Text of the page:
89.99987609559011,89.9548360909815,89.990273514188,89.9751752933985,89.96544012311175,89.9970793510278,89.95314878049196,89.9960915736152,89.9671592424419,89.97324912730615,89.99181211176018,89.95429311395692,89.99950710672812,89.96022791221479,89.98158012374506,89.98453596002506,89.95833062247787,89.99993331713853,89.9553753312884,89.98938221403375


For fun, I ran it again, this time using start-date 4000 years ahead. the results were about the same. (again, all the cycles below 90, avg: 89.97755)

Now, we are left with the question of why this happens. very far from being sure, I still prefer to stick to my original hunch: that this deviation from 90 degrees is due to the precessions, with their irregular speeds, which are ultimately related to the Sun- so it will somehow, with a complex mechanism, cause it to be so. For I can't find any other reason. (1) When one looks at the inequalities of the Moon and their principal terms, which I believe should be accurate within 1 minute of arc, he can see (unless I'm mistaken) that there is symmetry there (trying to have $$D = 180 + D$$); though there is asymmetry between the sides of the Full and New Moons (Parallactic inequality) this is still a mirror between them. [the reader should not however that all values there are mean values] (2) the main precession cycles are relatively fast. The most important for our sake here, the apsidal precession, is only 8.85 years; hence I expect that if the precessions and irregularities were really independent, their effect would cancel quite fast.

(*) This is the first time I was using astropy, and had some odd warnings when I run the programs. Besides, for some reason, when I was testing the function I noticed the latitude components of the Sun do not return 0, but can be several (up to 6 seconds of arc). Not sure why is that, and what does it mean about the reliability and accuracy of the longitude component that was used in this software.

• Yes, the Sun's ecliptic latitude varies from zero by as much as 8 arcsecs. I guess that could be a good topic for a new question. Here's DE441 data from Horizons for Jan 2000 to Jan 2001, with a 7 day step. Apr 9, 2022 at 2:12
• The fact that the Sun's ecliptic latitude isn't zero shouldn't be too surprising. The ecliptic is based on the Earth's instantaneous velocity. So, the sun would only be at zero if the Earth were not perturbed by any other planets along the z axis. Apr 9, 2022 at 2:30
• Note that the actual length of a synodic month can vary by up to 7 hours from the mean, mostly due to orbital eccentricities. See astropixels.com/ephemeris/moon/synodicmonth2001.html You might like to look at cycles that have close to a whole number of anomalistic years & months as well as synodic months, to average out those effects. Eg, 469 anom years ~= 6217 anom months ~= 5801 synodic months ~= 171307 days. Apr 9, 2022 at 2:57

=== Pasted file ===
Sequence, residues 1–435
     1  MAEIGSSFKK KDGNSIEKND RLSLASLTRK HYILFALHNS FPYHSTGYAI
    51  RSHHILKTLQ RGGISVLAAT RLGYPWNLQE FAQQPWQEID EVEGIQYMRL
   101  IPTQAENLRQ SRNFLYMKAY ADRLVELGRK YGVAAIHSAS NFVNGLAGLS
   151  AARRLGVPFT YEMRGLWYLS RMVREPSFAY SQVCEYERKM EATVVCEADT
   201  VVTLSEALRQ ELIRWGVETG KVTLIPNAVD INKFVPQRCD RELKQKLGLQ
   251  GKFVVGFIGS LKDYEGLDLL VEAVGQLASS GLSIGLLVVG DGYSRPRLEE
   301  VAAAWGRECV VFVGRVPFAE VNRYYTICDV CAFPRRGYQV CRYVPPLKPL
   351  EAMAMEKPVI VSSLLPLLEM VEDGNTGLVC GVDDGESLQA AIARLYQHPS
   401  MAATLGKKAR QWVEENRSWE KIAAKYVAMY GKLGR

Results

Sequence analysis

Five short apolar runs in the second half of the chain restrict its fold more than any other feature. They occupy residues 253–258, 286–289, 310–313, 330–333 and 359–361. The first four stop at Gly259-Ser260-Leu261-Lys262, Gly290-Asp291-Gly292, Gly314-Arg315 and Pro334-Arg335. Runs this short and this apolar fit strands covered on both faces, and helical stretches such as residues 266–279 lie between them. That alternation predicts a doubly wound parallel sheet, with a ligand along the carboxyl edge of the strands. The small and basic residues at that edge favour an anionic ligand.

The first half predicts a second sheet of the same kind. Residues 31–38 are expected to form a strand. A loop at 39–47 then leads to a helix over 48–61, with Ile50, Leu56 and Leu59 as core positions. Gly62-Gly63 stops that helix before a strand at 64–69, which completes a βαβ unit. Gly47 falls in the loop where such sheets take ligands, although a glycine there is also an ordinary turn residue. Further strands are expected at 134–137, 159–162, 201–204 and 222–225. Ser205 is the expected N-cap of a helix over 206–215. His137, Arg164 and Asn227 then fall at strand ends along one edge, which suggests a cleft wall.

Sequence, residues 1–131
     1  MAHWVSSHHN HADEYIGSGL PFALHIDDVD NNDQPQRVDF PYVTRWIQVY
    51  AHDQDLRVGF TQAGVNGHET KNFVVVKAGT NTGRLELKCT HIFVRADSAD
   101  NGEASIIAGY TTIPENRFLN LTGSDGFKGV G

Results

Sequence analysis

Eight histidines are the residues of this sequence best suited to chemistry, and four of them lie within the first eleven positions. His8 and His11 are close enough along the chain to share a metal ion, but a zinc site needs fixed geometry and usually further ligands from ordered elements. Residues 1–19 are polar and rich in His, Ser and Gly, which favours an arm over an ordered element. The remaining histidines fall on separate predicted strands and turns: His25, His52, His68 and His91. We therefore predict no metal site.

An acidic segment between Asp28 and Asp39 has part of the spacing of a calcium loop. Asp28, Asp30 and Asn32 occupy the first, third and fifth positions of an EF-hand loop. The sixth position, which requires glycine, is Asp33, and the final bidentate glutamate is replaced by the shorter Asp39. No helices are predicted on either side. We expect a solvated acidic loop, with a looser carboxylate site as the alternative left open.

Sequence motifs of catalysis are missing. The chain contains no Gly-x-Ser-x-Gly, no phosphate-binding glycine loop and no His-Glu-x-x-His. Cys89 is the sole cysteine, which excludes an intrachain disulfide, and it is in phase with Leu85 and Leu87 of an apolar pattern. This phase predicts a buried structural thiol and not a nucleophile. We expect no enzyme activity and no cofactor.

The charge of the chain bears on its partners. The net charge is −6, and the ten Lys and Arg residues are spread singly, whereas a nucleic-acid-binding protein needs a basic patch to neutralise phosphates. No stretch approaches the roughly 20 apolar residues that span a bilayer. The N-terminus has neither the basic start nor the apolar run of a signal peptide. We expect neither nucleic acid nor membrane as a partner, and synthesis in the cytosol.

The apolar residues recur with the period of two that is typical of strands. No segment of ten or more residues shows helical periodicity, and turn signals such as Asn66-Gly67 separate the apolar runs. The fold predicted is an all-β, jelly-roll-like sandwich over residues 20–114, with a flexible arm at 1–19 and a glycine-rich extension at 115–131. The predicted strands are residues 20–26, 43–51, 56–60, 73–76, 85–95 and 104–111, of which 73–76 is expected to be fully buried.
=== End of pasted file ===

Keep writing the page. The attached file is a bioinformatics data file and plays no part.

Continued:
• @PM2Ring, that's correct. I saw the effect the the 7 hours. I might fix that later. but all in I'm not so concerned by this as this effect is not accumulated. On my example the first measurement of the first cycle is ~46.5, while the last measurement of the last cycle is ~48.5. that's about 2 hours total. so we have 2 measurements of elongation of ~47 extra. which out of 2M measurements will lower the total average in 0.000045 degrees.
– d_e
Apr 9, 2022 at 7:15

I took a slightly different approach than D_E did. I used VSOP87 and, rather than using a fixed interval, computed the angle for 1,000,000 random days between the year 1000 and 3000. The result is similar to what he got: 89.97707654083075.

function sub(a,b){
const t=new Array();
t=a-b;
t=a-b;
t=a-b;
return t;
}

function length(v){
return Math.sqrt(v*v + v*v + v*v);
}

function norm(v){
const t=new Array();
const l=length(v);
t=v/l;
t=v/l;
t=v/l;
return t;
}

function getAngle(day){
const t = day / 365250.0;
const earth=vsop87a_full.getEarth(t);
const emb=vsop87a_full.getEmb(t);
let moon=vsop87a_full.getMoon(earth,emb);
let sun=[0,0,0];

//Convert to geocentric coordinates
sun=norm(sub(sun,earth));
moon=norm(sub(moon,earth));

//Computes the dot product using only x,y components
dot=sun*moon + sun*moon;

angle=Math.acos(dot)*180/Math.PI;
return angle;
}

function computeAverage(){
const max=365250;
const min=-max;

const itterations=1000000;
let accumulator=0;
for(let i=0;i<itterations;i++){
const r=Math.random()*(max-min)-max;
accumulator+=getAngle(r);
}
console.log(accumulator/itterations);
}

computeAverage();

• Another option is ELP. Pity there isn't an updated version. There have been significant improvements in lunar data over the last decade or two, due to improvements in lunar laser ranging techniques, eg agupubs.onlinelibrary.wiley.com/doi/full/10.1029/2019EA000785 Apr 9, 2022 at 3:07
• The lunar data in VSOP87 actually is ELP-82b. ELP/MPP02 does contain lunar laser ranging data. I think their latest is VSOP2013, but it's based on Chebyshev polynomials rather than the Fourier series, so it's pretty huge. IMHO, VSOP87 is still more accurate than any amateur needs, anything more accurate is a waste of bandwidth and computing power. If you really need accuracy, the JPL DE is the best option. Apr 9, 2022 at 4:20
• Wow. Thanks for this. Happy to see the results are about the same.
– d_e
Apr 9, 2022 at 7:24